by Dorian Haarhoff

in shorts too tight
for marble pockets and catapult,
you jerk through the door
sudden as sperm,
bruised at arm and leg angle
where the skateboard ejaculated you.
voice cords lengthen
in their basebox,
croaking frog-prince laughter
at your baby brother.
nipple rings ache of magic apples,
skin itches in a witch’s chin
and david-hanging hands
scratch the goldenfuzz
laid in its testicle nest.
as your clock strikes its tweleve,
your blood scuttles like carriage-mice.
will you turn gentle
into nurturant man,
holding a small cinderella shoe?


An Etosha Tale
by Dorian Haarhoff

once upon a womb
in Sporokieswoud,
a moringa tree
seemed transfixed
in a witch’s sleep,
its bark ancient and pale,
bluegrey as death.

a silver jackal nestled
its nose in the bowl
and sniffed like a prince
while mad hatter hyenas
giggled in the high grass
and a flaxen lion
flexed yellow
at a waterhole.

then the elephant trumpeting,
tusk-trunked it with a jolt.
a pied priestbird blessed it
with benedict wings
and suddenly, this moringa
in a mica sky,
tufted in sun colour,
lightbright leaf
and wombfruit
to suckle a young giraffe.


Daily bread
by Dorian Haarhoff

white bread priests
fresh and fat beneath their crusts
who speak of hunger for God
are not palatable,
not in this country
with the daily price
of bread.

Commentary: Not ready for commentary yet, actually.  I just like this poem so far with little understanding.


photo taken and made lovely by Veronica

Show Me a Place
by Cupido

Show me a place

Of struggle and survival

Of hardship and pain

Of toughness and tenderness

Of love and life

Yes, a place of tender loving care

And I will show you Katutura.

I don’t think I’ve ever tried so hard to locate a book.  Every book store I’ve gone in has been lacking seriously in poetic resources.  No one I ask knows anything about Namibian poetry.  Naturally, now I’m basically obsessed with it.  This poem is one found in Tales of Katutura, an anthology composed by a secondary school teacher and those living in the town.  I have yet to get my hands on it, but this poem was found in an article describing the book’s release.  Although it is written simply, it shows a lot of the strong identity Namibians have.  Because they live in such a close-knit culture and are very interrelated, I am starting to notice how powerful their sense of belonging is compared to my own.  Hopefully when I find the book I’ll find more poems to post!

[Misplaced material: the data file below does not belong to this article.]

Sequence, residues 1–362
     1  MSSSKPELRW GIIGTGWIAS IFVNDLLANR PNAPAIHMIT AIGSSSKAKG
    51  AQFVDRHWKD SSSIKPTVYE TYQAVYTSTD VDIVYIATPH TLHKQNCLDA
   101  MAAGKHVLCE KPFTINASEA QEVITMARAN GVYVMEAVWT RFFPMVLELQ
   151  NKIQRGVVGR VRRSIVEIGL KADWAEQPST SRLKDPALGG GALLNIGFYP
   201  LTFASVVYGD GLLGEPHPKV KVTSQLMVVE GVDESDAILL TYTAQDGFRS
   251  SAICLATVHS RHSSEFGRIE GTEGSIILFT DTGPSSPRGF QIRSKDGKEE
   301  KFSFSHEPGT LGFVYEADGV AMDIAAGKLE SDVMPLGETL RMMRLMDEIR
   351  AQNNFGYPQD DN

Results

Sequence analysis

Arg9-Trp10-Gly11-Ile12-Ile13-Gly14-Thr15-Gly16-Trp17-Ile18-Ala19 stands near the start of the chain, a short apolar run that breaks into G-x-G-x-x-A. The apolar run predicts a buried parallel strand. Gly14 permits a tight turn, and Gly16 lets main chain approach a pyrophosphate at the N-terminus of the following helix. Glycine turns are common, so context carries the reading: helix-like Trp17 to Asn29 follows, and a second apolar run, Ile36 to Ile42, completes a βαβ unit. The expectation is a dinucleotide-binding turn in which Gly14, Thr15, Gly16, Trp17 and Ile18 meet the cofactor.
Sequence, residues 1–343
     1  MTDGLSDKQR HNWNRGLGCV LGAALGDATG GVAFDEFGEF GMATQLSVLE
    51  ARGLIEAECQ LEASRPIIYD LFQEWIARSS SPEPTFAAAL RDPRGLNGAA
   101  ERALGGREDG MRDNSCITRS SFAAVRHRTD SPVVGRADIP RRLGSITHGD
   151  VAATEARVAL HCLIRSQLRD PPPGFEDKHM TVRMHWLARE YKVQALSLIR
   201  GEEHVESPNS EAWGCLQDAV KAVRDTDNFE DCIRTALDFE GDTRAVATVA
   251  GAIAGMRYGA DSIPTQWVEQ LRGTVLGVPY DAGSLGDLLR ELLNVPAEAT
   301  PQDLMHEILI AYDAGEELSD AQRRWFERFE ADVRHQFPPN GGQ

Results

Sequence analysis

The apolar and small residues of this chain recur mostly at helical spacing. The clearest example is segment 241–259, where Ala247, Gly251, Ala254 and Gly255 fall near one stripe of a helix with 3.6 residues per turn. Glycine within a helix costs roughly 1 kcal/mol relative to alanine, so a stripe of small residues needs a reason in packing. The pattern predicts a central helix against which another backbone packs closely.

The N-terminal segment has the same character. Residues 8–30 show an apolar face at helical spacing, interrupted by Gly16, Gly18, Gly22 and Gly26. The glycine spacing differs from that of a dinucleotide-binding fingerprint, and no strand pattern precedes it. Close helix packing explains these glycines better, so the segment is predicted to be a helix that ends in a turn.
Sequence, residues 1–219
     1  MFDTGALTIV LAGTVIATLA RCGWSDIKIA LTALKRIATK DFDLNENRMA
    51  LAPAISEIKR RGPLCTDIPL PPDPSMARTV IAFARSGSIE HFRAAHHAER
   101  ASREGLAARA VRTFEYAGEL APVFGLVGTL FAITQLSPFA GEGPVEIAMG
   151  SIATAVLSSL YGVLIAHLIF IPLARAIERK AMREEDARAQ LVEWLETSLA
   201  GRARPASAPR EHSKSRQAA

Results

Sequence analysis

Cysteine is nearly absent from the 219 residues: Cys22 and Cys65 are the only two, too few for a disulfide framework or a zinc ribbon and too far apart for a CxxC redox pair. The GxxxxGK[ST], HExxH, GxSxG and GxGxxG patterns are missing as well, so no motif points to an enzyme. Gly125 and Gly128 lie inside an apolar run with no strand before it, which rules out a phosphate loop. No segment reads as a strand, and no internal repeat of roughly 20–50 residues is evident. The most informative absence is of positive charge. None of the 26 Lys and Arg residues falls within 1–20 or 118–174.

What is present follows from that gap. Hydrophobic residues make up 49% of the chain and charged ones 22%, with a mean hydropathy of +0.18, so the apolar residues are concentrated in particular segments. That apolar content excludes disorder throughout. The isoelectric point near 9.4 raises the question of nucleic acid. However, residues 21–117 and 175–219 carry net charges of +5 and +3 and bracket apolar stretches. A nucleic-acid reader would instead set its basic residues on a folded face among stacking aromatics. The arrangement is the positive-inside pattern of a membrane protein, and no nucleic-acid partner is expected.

Am I the Forgotten
by Patema Naem Haihambo

Am I the forgotten?
Maybe the blood that flows from my veins,
under the door,
Will hurt less than
the tears that fall from my eyes,
to the floor.

Am I the forgotten?
Am I the forgotten?

I put up this photo of the children because it’s the image I instantly went to after touring Katutura yesterday.  However, after talking to Paula, I realize that maybe these aren’t the forgotten.  There is such an amazing bond between the people of this community, and most communities in African cultures, that I don’t feel they should be considered “forgotten.”  Perhaps in our eyes they are, in fact, the suffering and the less fortunate, but their family ties seem so much stronger than the ones we have back home.
I think all of us can be the forgotten sometimes.


Coming home to your heart
by Miroslava Odalovic

I’m coming I’m coming home
To your heart
(Really don’t know where I heard this)
I’m coming back with every step
To hear you play the drums of beauty
Oh you do it well
I’m coming close with every touch
To make some place for clouds to sway
To make some room for birds to sing
To hear you say it’ll be ok
Just some more love for us to bring
I travel far I travel far
To find your smile in every smile
I’m coming back I’m coming back
Back to your beautiful heart

I just love this poem, especially as I begin my journey to Namibia.  I know homesickness will follow me because I have built such ties back home, but I will be coming back, no matter the adventure I go on.  I’m so blessed and fortunate to have people at home who miss me, who are willing to keep in touch and want to know what is happening in my life.


Hope is the thing with feathers
by Emily Dickinson

Hope is the thing with feathers
that perches in the soul,
and sings the tune without words,
and never stops at all,

And sweetest in the gale is heard;
and sore must be the storm that
could abash the little bird that
kept so many warm.

I’ve heard it in the chillest land,
and on the strangest sea;
yet, never, in extremity,
it asked a crumb of me.

One of my favorite poems ever.


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